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As lockdown restrictions ease and we start to consider travelling again, the future of cross-Channel operator Eurostar remains uncertain.
Eurostar is seeking financial support from the UK Government, citing higher access charges here as a reason.
The French Government has pledged to provide support for the operator, while £200 million has been provided by one of its shareholders, Caisse de Dépôt et Placement du Québec (CDPQ) and Hermes Infrastructure.
Registered in the UK and supporting 3,000 jobs either with the business or in the supply chain, the company is, however, 55% owned by SNCF (French state rail), 40% by CDPQ/Hermes and 5% by SNCB (Belgian state railways).
So: Should the UK Government provide financial assistance to Eurostar?

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UK supply chain jobs pledge from Talgo factory plans

For each job created at the planned Talgo factory in Longannet in Scotland, five will be created in the supply chain, according to the Spanish manufacturer’s President Carlos de Palacio.

Speaking at the company’s Las Matas headquarters near Madrid on April 1, he said: “When we speak about establishing a factory we must also speak about the supply chain, which is more important than the actual manufacturing.

“We are integrators as much as manufacturers, and we have to be doing as much as possible in the United Kingdom. It won’t be possible to do 100%, but we must do all we can.

“Others bring in lots of parts from Italy, Japan and Germany, but we won’t do that. Parts will come from abroad, but not much.”

He added: “Talgo’s UK aim is to establish true manufacturing, rather than assembling from parts made elsewhere. This means that we will draw from materials and expertise across the UK. This keeps more money in the UK economy and creates more skilled, long-term jobs.”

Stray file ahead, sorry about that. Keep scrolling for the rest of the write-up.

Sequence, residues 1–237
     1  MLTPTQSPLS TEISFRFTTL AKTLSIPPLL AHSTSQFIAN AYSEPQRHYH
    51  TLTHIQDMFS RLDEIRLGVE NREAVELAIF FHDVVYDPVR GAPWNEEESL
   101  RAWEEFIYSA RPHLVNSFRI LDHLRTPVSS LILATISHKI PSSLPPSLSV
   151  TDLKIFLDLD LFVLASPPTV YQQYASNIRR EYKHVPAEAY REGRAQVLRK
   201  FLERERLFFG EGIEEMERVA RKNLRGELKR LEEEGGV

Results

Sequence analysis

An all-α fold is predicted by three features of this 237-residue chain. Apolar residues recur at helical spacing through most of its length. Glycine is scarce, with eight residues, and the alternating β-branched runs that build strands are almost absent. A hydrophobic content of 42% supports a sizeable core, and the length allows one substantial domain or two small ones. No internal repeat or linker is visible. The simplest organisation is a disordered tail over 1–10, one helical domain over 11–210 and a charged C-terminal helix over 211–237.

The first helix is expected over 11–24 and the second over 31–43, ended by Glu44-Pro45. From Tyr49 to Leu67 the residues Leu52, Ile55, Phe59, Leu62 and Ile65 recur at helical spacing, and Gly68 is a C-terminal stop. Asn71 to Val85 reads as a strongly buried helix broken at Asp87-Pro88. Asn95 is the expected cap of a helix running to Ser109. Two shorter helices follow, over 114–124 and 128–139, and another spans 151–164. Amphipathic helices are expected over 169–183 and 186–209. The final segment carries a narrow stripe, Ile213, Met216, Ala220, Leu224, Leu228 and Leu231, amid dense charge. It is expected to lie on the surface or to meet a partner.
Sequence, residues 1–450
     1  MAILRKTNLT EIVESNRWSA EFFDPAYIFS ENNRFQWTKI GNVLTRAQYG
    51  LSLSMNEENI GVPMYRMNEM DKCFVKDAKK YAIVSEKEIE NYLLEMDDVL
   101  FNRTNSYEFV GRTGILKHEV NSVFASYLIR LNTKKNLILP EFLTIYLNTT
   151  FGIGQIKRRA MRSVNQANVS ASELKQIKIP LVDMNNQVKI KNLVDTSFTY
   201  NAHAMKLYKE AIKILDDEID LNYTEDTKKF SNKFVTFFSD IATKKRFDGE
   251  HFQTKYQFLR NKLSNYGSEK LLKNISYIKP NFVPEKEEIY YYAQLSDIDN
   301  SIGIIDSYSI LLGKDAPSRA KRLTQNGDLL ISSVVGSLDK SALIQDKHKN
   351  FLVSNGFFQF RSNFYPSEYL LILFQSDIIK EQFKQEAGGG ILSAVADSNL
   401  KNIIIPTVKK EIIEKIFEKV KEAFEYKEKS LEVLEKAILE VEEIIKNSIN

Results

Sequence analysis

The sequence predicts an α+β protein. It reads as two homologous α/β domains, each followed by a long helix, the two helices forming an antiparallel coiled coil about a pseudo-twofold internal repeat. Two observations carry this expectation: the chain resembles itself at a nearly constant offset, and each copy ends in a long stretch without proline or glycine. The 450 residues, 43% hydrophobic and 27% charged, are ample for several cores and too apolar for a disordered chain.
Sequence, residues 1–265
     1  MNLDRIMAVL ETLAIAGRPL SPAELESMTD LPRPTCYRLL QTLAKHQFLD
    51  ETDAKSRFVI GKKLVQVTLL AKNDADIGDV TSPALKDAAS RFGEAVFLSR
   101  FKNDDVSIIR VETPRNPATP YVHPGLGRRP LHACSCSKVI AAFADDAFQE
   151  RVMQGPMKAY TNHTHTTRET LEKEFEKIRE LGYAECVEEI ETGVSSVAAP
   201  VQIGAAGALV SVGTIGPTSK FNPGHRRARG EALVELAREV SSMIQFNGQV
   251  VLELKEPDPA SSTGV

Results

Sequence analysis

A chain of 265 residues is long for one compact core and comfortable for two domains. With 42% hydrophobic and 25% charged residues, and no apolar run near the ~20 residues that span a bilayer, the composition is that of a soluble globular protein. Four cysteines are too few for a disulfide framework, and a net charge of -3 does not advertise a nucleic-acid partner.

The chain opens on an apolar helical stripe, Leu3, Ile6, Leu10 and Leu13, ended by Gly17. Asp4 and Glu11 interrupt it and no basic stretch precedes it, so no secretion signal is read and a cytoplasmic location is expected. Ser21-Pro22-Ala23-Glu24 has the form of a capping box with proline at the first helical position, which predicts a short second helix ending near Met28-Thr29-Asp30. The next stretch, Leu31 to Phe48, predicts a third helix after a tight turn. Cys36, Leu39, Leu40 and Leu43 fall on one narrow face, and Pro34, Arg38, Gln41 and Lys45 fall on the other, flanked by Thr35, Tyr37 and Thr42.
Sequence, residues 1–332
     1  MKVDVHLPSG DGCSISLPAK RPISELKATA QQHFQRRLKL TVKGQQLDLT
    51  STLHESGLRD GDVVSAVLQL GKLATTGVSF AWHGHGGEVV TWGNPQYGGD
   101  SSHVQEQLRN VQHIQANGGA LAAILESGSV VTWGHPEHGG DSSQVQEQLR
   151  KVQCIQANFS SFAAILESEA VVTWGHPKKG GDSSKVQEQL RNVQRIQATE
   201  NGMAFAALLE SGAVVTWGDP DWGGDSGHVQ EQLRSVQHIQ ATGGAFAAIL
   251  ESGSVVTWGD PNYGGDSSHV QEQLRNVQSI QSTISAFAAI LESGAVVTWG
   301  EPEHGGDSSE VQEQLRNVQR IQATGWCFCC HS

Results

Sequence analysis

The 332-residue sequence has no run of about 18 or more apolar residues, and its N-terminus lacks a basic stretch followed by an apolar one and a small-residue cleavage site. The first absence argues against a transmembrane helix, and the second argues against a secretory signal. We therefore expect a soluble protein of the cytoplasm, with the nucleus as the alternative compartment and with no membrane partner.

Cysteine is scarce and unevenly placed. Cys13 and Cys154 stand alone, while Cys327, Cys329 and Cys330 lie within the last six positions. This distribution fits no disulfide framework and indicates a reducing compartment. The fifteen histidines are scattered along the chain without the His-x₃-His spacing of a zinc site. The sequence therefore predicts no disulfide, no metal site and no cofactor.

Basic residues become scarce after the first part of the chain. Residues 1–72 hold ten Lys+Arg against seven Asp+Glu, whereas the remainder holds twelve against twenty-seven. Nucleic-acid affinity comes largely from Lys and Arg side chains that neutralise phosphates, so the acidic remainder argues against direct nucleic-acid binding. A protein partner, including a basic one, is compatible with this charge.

Talgo spokesman John Morris added that the company is working on research and development, as well as building relationships with universities, to enable the firm to build a legacy in the UK.

The company’s UK Director Jon Veitch explained that planning work has started for the plant, telling RAIL: “The idea is to win a contract, and start construction of the factory the next day.”

He also explained that the company tests technology it plans to offer to the market before it bids for any orders, while each train undergoes one month’s static testing before delivery.

  • For the FULL story, read RAIL 876, published on April 10, and available digitally on Android, iPad and Kindle from April 6.

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  • AndrewJG8918 - 04/04/2019 05:01

    Talgo could build new trains not just for HS2. But also for the Midland Main Line and Wales. Aswell new rolling stock to be built to be transferred to Ireland and Northern Ireland aswell Europe & worldwide.

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